The obvious 'fix' is to mount an aerial on the wing, but quite understandably, some are reluctant to drill holes in their new multi-thousand pound purchases - and why should they have to?  Apparently, this has been an issue for some years now.  The supplying dealer has tried fixing a standard automotive aerial within the body, but, if anything, this makes it worse, picking up stray electical signals from the engine ancillaries and even the lights.  A likely solution is to fit a windscreen mounted aerial with an FM booster (the Blaupunkt tax disc model is available on the internet for £29.99 and gets good reviews) but if this is the solution, why don't Swift do that?  I will try raising this with them at the NEC Show next week.

Update - May 2013.  The motorhome owner has since been in touch and said he had great success when he contacted a FIAT Professional agent.  After an extended road test, the engineer identified the problem as poor earth bonding between the aerial in the left door mirror and the main chassis of the vehicle.  The mirror is mounted on a painted panel (hence poor earth) and the path to the main chassis is via the (painted & greased) door hinges.  He rectified this by fitting a new earth cable from the mirror mount to a good earth on the door frame and another from the door frame (via the door harness grommet) to a clean chassis earth behind the glove box.  FIAT had been aware of this earthing problem and I have now passed the information on to Swift.

Posted by: David Williams    Category: Electrical

Logging in to the BOC Website

Posted Wednesday, March 13, 2013

The Process 

Open your ‘internet browser’ – Windows Explorer, Firefox, Google Chrome, whichever you use, and type in

What you will see on the Home page is of interest to Members and non-Members alike and gives you an overview of Bessacarr Owners Club information and activity. However, to get the full benefit of BOC Membership, you should ‘log in’ to the Members' area and browse what is available.

You should have a username and password from when you first joined the Club, but if you don't have a record of it, or it does not seem to work, e-mail the Webmaster to check, and if necessary reset it. If you have just forgotten your password, you can click the 'Forgot password?' link under the login box, and the system will send you an e-mail with a reminder of it.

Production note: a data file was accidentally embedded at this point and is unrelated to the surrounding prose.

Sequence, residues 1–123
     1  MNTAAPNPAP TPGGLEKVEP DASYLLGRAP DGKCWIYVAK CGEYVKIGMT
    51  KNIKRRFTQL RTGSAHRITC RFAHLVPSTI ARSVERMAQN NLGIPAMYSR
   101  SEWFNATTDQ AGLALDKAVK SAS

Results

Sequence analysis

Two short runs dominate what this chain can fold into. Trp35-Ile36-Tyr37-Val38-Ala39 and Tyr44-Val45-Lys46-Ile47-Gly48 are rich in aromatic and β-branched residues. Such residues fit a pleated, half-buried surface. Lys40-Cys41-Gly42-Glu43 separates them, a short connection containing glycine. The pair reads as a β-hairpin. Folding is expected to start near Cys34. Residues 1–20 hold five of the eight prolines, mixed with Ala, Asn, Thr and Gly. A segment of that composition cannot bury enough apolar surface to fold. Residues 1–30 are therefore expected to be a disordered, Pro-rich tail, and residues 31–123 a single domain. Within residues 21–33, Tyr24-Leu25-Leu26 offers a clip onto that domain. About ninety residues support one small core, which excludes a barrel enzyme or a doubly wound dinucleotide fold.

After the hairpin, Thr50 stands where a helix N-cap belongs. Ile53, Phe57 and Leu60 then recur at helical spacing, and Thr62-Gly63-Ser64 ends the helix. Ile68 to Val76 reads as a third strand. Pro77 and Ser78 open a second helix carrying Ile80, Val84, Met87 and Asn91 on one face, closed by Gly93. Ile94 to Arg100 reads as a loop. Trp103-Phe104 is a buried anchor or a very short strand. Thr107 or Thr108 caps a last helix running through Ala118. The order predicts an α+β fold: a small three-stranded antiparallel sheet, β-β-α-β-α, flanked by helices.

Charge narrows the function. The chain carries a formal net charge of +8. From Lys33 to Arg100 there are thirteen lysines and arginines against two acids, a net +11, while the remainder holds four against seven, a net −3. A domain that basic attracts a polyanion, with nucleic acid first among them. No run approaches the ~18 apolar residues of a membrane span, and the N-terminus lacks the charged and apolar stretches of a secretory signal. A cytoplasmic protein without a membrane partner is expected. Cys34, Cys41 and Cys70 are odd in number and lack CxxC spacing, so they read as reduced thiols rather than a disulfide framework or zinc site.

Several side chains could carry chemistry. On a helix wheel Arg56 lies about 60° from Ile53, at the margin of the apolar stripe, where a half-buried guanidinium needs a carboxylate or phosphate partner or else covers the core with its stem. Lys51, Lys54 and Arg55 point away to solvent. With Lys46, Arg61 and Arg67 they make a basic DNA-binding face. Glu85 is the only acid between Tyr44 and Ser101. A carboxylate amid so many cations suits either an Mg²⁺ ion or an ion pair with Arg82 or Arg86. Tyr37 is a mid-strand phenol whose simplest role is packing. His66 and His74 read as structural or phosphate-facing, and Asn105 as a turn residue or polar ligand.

On the left hand panel of the Home page is a column and the fifth choice is ‘MEMBERS AREA’.  Click this box and you will be offered several more choices.  The first one is ‘LOGIN & PREVIEW’.  Click on this and at the top right hand side of the page will appear the ‘Username’ and ‘Password’ boxes.

Log in to the MEMBERS AREA and while you are there you may wish to click on ‘Update my profile’ and check that the information there is correct.

Other options are: registering for rallies, seeing which rallies you have already registered for, uploading photographs or advertising any item you have for sale.

Posted by: Reia Jones    Category: Logging in

Caravan Movers - a Personal View

Posted Tuesday, February 26, 2013

Having caravanned for many years now and become reasonably adept at reversing an outfit, I didn't feel any need for the new-fangled caravan movers when they were first introduced to market.  They were expensive, used up precious payload, reduced ground clearance and, if you were 12 Volting, used up equally precious battery power.  My first experience of seeing one in action was on a BOC Rally at Moreton-in Marsh when an outfit drove past my pitch, then a couple of minutes later the caravan rolled back on its own, seemingly out of control, which was immediately refuted by it executing a perfect turn into position onto the pitch next to me.

I soldiered on for years with the 'I can manage without one of those things' mentality, right up to the point when we changed our 9 year old Bessacarr for a new one in 2010.  Whilst we were reviewing what we should have fitted to the new 'van, my other half suggested I might want a caravan mover.  I queried why I would want 'one of those' to be told that a 10½ stone bloke with a bus pass shouldn't still be pushing 1½  ton caravans around.  I had to admit she had a point and so checked them all out at the NEC Show.  We had one fitted to our new 'van by Couplands...(and 2 out of 3 Bessacarr tourers supplied by Couplands now have motor movers fitted).

Having taken the plunge, I immediately started to reap the benefits.  Although quite capable of reversing the caravan into most places, I had to agree that it was more controlled and safer to do it with the mover, particularly when doing it without an assistant.  But gradually it dawned on me that the mover really was a game changer.